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February 15th, 2008
02:10 PM ET

Who would win McCain-Obama generational battle?

ALT TEXT
John McCain and Barack Obama shake hands at the debate prior to the New Hampshire primary in January. Click the play button to see what Jack and our viewers had to say. (PHOTO CREDIT: GETTY IMAGES)

FROM CNN's Jack Cafferty:

If John McCain and Barack Obama end up facing each other in November, it would be a historic election representing a true generational battle.

The match-up would pit the 71-year-old McCain, who if elected would become the oldest president ever, against the 46-year-old Obama, who would be one of the youngest.

We're starting to get a glimpse of what this race would be all about. By seizing on the mantle of change, Obama has drawn record numbers of young voters to the polls who see him a something of a rock star.

And, after their respective victories in the Potomac Primaries on Tuesday, both men seemed to set their sights on each other. McCain called hope a "powerful thing", saying he's seen men's hopes tested in hard and cruel ways.

He then went on to contrast his POW experience with Obama's speeches, adding: "To encourage a country with only rhetoric rather than sound and proven ideas that trust in the strength and courage of free people is not a promise of hope. It is a platitude." Those would be classified as "fightin' words." McCain says, "I'm fired up and ready to go."

The age difference isn't lost on Obama either. He points out McCain's "half-century of service" to the country. In his speech the other night, Obama tied McCain to President Bush's "failed policies of the past" adding, "George Bush won't be on the ballot this November, but his war and his tax cuts for the wealthy will."

What a race it would be.

Here’s my question to you: In a hypothetical match-up between John McCain and Barack Obama, who wins the generational battle?

Interested to know which ones made it on air?

Jon writes:
Barack, in a heartbeat. I can't imagine this country electing another tired old man to be president. You can clearly hear the age in McCain’s voice when he speaks. He deserves respect and admiration for his service, but not the presidency. Let's do what JFK once said about passing the torch to a new generation.

Joan from New York City writes:
I'm a 76-year-old white woman, but Barack really turns me on. I don't want an old war-monger for president. I don't want a George Bush clone for president. I want a young, fresh, energetic, progressive person for president. Above all, I want a president who will, at last, transcend the racial divide in this country and restore our good image throughout the world.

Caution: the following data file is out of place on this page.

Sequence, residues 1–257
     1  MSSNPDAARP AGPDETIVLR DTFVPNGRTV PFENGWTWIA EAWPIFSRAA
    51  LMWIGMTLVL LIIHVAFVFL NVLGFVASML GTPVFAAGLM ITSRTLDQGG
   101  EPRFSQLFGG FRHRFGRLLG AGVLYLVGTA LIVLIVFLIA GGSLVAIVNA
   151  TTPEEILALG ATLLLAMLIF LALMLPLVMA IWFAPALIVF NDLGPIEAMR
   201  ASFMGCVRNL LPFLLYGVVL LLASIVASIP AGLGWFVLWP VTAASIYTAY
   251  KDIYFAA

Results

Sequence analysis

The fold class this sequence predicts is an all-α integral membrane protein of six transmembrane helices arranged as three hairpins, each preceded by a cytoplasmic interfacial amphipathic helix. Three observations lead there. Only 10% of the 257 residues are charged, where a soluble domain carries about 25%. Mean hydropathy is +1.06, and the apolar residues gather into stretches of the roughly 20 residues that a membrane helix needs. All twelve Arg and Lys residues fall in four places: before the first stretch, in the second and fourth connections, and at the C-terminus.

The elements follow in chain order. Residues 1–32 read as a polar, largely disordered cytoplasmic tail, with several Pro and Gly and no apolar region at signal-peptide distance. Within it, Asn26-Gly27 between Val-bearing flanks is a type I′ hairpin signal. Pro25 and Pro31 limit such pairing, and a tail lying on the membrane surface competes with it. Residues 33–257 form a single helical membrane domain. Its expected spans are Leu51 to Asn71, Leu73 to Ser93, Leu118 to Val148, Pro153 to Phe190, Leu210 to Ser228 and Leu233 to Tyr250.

Jonathan writes:
Even though I'm a younger voter, I'd have to go with McCain in this election. I'm pretty sure Obama would win because people generally seem to think that if you vote for another party, suddenly we'll have people instead of politicians in office. I like Obama, and would take him over most of the other candidates any day, but I think he's quite short-sighted, while I believe that McCain has a better perspective on things.

Jason from Denver, Colorado writes:
The non-baby boomers of this country are sick and tired of seeing "old" white men run this country into the ground! Obama will definitely win with the younger crowd as he's inspired throughout the primaries. He connects with us in ways that "grandpa" can't! It's time to move forward in this country instead of backwards.

Perry from Baltimore writes:
I am a 70-year-old retiree and I think John McCain is well passed it. My generation has had its chance, and we screwed it up and elected Bush. Obama represents and embodies the future: give him the reins of government and let the old coots (like me) head out to pasture where we belong.


Filed under: Barack Obama • John McCain
soundoff (199 Responses)
  1. Dave Brooklyn, NY

    Remember the old adage Jack, Youth and speed are no match for old age and treachery.

    February 15, 2008 at 2:17 pm |
  2. David of Natchez Mississippi

    With a question like this, are you thinking of running for political office? McCain wins the vote of those that think war is the answer to all problems. Obama wins the vote of those that think, America first ,then let's think about saving the rest of the world. Who wins depends on those that watch old war movies and those that watch educational TV coming out to vote.

    February 15, 2008 at 2:20 pm |
  3. Chuck B Coastal NC

    Jack, this one is easy. Obama wins ... I believe that most everyone(even the hardcore rightwingers)will vote for change. A vote for McCain, is a vote for the continued failed policies that Bush has forced on us for years, I believe that everyone has had enough.

    February 15, 2008 at 2:21 pm |
  4. Lynn Gottlob, Ohio

    For sure the younger generation would choose Obama as young people are looking to the future. For sure us older generation would choose Obama as we want a future for our grandchildren full of what we remember best about America. Us older generation feel our country has been highjacked by visonless Republicans and only Obama can give us back our American dignity .

    February 15, 2008 at 2:21 pm |
  5. Kelly - Pittsburgh, PA

    Out with the old and in with new!! This country needs a new perspective and Obama is just the person to do it. McCain is more of the same old guard and wants to stay in Iraq for 100 years. No thanks!!